Researchers who have waited more than 25 years for updates to the Federal Policy for the Protection of Human Subjects (the “Common Rule”) will have to wait a little bit longer. On January 22, 2018, the U.S. Department of Health and Human Services (HHS) and several other federal agencies and departments (the “Agencies”) issued an interim final rule (“Interim Rule”) to delay the effective and general compliance dates of the Common Rule, as recently revised by the final rule issued by HHS on January 19, 2017 (“Revised Common Rule”),1 from January 19, 2018 to July 19, 2018.2
Citing concerns from representatives of the regulated community, including HHS’ own advisory committee, the Agencies referenced regulatory complexity, a gap in necessary guidance, and the need to revamp institutional procedures and electronic systems as grounds to issue the delay without the opportunity for stakeholder input. The Agencies believe that the six-month delay will provide time for regulated entities to prepare for compliance with the Revised Common Rule, and for the Agencies both to create guidance documents on Revised Common Rule compliance and to seek input on whether to further delay implementation until January 21, 2019.
The Interim Rule requires regulated entities to maintain the status quo until July 19, 2018. This means that:
- Studies involving human subjects that are initiated before July 19, 2018, must comply with the Common Rule as currently in effect until the Revised Common Rule goes into effect. After July 19, 2018, investigators performing research studies regulated under the Common Rule may opt to conform their studies to the Revised Common Rule upon approval and documentation by an institutional review board (IRB).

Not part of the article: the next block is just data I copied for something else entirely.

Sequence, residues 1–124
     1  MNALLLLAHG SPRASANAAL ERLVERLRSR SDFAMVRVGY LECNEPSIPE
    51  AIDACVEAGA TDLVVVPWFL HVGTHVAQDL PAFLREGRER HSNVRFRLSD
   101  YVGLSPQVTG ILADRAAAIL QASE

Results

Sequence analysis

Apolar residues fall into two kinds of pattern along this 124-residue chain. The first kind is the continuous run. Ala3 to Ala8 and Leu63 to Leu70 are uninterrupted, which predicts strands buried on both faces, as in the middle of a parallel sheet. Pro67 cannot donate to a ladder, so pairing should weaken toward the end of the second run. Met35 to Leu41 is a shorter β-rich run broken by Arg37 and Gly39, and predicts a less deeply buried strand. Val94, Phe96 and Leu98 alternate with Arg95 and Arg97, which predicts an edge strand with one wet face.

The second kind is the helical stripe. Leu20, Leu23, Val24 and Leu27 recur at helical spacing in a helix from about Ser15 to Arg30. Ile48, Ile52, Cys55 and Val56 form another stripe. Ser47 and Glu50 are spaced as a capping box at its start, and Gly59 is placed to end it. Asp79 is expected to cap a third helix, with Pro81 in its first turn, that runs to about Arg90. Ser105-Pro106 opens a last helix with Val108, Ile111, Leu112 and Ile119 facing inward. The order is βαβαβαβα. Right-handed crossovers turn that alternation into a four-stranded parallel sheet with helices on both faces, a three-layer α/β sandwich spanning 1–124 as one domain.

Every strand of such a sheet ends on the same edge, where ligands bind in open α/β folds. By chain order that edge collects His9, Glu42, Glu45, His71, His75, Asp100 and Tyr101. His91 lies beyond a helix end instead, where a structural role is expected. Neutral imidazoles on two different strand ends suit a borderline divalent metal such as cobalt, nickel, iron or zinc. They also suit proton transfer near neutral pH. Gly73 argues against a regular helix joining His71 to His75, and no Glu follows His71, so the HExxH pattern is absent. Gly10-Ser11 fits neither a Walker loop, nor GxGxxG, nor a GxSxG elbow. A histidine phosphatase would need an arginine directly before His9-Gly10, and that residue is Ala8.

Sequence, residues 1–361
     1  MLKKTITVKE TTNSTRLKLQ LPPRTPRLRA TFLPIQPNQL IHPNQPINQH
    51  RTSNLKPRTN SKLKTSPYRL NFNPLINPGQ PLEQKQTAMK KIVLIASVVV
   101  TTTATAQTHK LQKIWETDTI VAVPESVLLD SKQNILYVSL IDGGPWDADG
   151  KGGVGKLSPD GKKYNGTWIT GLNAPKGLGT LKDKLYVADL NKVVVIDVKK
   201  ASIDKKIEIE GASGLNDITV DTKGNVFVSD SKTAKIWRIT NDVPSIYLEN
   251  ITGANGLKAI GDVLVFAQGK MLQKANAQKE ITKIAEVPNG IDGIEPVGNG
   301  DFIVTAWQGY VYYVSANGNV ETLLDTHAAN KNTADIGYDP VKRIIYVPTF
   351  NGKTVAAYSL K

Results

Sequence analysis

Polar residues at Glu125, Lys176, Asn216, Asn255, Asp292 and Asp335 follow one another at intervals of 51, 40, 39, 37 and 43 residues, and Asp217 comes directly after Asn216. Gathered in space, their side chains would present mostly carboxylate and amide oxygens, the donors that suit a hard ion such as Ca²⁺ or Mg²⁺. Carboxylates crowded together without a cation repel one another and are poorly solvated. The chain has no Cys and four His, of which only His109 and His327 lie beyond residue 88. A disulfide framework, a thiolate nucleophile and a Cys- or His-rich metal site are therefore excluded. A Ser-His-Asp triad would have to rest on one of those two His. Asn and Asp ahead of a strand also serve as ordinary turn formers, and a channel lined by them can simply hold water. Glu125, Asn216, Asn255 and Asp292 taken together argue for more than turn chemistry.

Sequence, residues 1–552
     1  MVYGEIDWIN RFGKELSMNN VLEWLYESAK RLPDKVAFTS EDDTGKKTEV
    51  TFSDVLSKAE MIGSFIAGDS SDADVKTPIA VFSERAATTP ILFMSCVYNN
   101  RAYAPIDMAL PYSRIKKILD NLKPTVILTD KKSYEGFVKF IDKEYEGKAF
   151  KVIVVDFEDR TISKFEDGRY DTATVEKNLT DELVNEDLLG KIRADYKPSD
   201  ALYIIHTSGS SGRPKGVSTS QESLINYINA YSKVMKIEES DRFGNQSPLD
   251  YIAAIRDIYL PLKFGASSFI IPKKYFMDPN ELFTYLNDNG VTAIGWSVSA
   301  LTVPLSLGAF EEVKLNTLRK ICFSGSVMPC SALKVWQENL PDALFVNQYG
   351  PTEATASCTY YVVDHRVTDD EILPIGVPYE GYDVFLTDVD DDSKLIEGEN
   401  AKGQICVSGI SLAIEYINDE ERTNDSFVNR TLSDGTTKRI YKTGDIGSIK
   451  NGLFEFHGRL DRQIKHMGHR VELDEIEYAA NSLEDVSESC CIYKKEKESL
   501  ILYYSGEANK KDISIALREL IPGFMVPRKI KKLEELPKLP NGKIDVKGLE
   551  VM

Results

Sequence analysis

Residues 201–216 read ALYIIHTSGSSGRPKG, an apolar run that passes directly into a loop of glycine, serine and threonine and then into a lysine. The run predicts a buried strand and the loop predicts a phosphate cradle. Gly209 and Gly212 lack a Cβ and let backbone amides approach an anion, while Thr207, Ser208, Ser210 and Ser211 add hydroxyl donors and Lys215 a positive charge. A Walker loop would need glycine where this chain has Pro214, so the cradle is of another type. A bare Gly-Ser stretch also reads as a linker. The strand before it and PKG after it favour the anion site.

- Researchers are prohibited from complying with Revised Common Rule requirements that conflict with the existing Common Rule until the Revised Common Rule becomes effective. This means that research organizations that revised their policies, procedures and technology infrastructure to comply with the Revised Common Rule on January 19, 2018, must revert to their prior infrastructure. To the extent that any of the Revised Common Rule requirements do not conflict with the existing Common Rule, regulated entities may – but are not required to – implement such non-conflicting provisions until the Revised Common Rule becomes effective.3
Some examples of Common Rule and Revised Common Rule requirements that do and do not conflict include:4
- Conflicting Requirements: The Revised Common Rule eliminates the existing Common Rule’s requirement for continuing IRB review at least annually for all ongoing non-exempt human subject research (as described in the Revised Common Rule at §__.109(f)). Because the Revised Common Rule conflicts with existing Common Rule requirements, this provision may not be implemented before the Revised Common Rule becomes effective.
- Non-Conflicting Requirements: The Revised Common Rule addresses new elements to be included in an informed consent (Revised Common Rule at §__.116(b)(9), (c)(7)-(9)). These new elements of consent may be added now because the existing Common Rule does not prohibit their inclusion.
- Unless further delayed, studies initiated on or after July 19, 2018, must comply with the Revised Common Rule.
The Interim Rule does not delay the compliance date for the cooperative research provision of the Revised Common Rule, which remains January 20, 2020.
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If you have any questions about complying with the Common Rule when conducting research, please contact any member of Drinker Biddle’s Health Care Team.
1 82 Fed. Reg. 7149 (Jan. 19, 2017).
2 83 Fed. Reg. 2885 (Jan. 22, 2018).
3 83 Fed. Reg. at 2886; see also, Posting of Irene Stith-Coleman, email@example.com, to OHRP-L@LIST.NIH.GOV (Jan. 17, 2018) (on file with authors).
4 Stith-Coleman, supra note 3.